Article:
How to Eat Pasta Without Guilt
Pasta is popular for a reason: It's versatile, inexpensive, great-tasting, and comforting. Unfortunately, the
comfort we get from pasta comes from its high carbohydrate count.
As any dieter will tell you, carbohydrates, especially those that come from white flour products like pasta,
aren't exactly diet-friendly carbs.
They tend to have a high calorie content, and can raise blood sugar levels and cause bloating.
When blood sugar goes up too high, the body produces insulin, which drives the glucose back down. This causes
hunger, even shortly after a carb-laden meal. The bars also cause water retention, leading to uncomfortable
But pasta-based recipes are great for feeding a family on a budget, and pasta is just plain good. How can you
take advantage of its benefits without the guilt of making weight
There are several tactics you can choose. Here are some painless ways to eat pasta without sacrificing your
Add Fat and Protein
Yes, actually eating some heart-healthy fat and lean protein with your pasta is healthier than eating the pasta
by itself. That's because our bodies digest pasta very quickly, leading to a glucose spike and subsequent
But when you mix fat and protein with the carbs, your body will take much longer to digest the food. This helps
keep your glucose level stable, and keeps you satisfied for a longer period of time.
You can add fat and protein by using lean sirloin, chopped mushrooms, boiled shrimp, or ground turkey in your
pasta sauce. Drizzle some extra virgin olive oil onto the entree, and you've got a guilt-free recipe that will keep
you happy and healthy.
Go for Whole Grain
Whole grain pastas are growing in popularity. Their texture is slightly denser than that of white pastas, but
whole grain pastas don't cause blood sugar levels to rise as far or as fast.
Their density also makes them more satisfying than delicate white pasta. Whole grain pastas contain more fiber,
and take significantly longer for your body to break down.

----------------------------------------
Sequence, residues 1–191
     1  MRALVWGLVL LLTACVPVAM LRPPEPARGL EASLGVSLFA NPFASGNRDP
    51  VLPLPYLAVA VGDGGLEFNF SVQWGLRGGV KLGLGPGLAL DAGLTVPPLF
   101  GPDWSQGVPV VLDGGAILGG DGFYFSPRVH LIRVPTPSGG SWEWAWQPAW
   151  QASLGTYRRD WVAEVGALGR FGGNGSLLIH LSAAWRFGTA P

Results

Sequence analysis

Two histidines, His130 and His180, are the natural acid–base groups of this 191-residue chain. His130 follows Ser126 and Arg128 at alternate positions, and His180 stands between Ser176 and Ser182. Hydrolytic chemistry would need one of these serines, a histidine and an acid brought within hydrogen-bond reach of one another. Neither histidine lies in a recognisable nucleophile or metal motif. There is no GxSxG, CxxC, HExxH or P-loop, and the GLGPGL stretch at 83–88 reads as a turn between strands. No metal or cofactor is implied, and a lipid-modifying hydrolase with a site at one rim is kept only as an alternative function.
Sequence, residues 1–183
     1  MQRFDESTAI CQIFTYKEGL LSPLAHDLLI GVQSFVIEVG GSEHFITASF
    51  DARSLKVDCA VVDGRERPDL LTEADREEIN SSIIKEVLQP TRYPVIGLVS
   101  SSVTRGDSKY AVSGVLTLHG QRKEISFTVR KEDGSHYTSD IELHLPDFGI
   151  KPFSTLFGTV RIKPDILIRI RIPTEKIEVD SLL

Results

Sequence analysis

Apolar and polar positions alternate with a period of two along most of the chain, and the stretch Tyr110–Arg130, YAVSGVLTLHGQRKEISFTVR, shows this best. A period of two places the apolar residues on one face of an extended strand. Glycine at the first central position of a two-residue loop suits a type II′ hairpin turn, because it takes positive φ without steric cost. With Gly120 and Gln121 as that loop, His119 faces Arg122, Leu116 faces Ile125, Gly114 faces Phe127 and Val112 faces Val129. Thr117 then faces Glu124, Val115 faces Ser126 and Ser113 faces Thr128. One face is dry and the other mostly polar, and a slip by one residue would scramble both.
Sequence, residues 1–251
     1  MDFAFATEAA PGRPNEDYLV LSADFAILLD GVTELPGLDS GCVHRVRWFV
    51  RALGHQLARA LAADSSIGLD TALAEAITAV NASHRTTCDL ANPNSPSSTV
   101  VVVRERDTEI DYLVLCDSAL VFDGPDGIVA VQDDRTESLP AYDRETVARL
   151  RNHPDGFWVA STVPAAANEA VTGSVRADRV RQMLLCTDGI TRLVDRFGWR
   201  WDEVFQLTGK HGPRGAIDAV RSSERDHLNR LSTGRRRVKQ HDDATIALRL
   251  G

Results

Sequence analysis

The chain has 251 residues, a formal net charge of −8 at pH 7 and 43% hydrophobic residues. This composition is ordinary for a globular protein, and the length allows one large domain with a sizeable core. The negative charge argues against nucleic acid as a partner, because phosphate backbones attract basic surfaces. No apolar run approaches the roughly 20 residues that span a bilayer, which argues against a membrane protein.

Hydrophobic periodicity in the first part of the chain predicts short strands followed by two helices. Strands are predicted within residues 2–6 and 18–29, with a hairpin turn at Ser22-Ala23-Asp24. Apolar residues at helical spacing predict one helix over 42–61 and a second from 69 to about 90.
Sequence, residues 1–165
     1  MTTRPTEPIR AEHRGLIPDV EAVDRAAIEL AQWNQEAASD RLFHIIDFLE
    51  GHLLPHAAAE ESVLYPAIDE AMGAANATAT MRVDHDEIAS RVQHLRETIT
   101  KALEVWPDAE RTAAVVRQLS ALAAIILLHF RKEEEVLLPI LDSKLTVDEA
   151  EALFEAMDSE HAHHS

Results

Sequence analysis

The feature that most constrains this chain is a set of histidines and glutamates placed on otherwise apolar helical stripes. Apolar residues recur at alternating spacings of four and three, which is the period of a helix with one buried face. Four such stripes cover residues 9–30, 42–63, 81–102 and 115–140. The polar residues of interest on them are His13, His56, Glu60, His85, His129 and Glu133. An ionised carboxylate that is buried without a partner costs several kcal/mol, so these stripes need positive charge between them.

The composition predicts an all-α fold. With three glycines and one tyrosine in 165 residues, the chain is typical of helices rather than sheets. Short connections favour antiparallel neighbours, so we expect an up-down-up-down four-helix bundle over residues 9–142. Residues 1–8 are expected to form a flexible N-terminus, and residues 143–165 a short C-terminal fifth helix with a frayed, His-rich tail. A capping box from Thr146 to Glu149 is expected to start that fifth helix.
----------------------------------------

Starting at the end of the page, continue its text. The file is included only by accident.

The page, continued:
Look for whole grain angel hair noodles instead of spaghetti. The thin strands will cook very quickly, and they
won't be as "gummy" as thicker whole grain noodles. Top a cup of whole grain angel hair pasta with chopped basil
and portobellos, and drizzle with lemon-flavored olive oil for a light, summery meal.
Control Portion Size
Most foods can be incorporated into a healthy diet if you use them in moderation. Pasta is no different.
However, many of us can't identify what a serving of pasta looks like.
One half-cup of cooked pasta equals one serving. The various shapes and sizes of the pasta noodles can make
measurement difficult, but a rough guide is to serve yourself about as much pasta as you could fit in the cupped
palm of your hand.
An ice cream scoop doles out about half a cup, so you could use that to aid in visualization, too.
Unfortunately, half a cup isn't very much pasta. Restaurants are notorious for dishing up several portions of
food in a single entree.
If you serve pasta at home, make up a smaller batch and serve it as a side dish instead of the main meal. When
eating out, box up most of your pasta before you dig in. Take it home and eat it over the course of 2 to 3
Make Pasta a Special Treat
For some, it might not be feasible to eat pasta on a regular basis. Some of us have trouble controlling our
appetites once we start eating pasta. Diabetics and insulin-resistant individuals can have strong cravings for
carb-laden foods. Pasta is also a common trigger food for binge eaters.
Instead of engaging in a daily diet struggle, save pasta for special occasions so that you can indulge without
guilt or worry.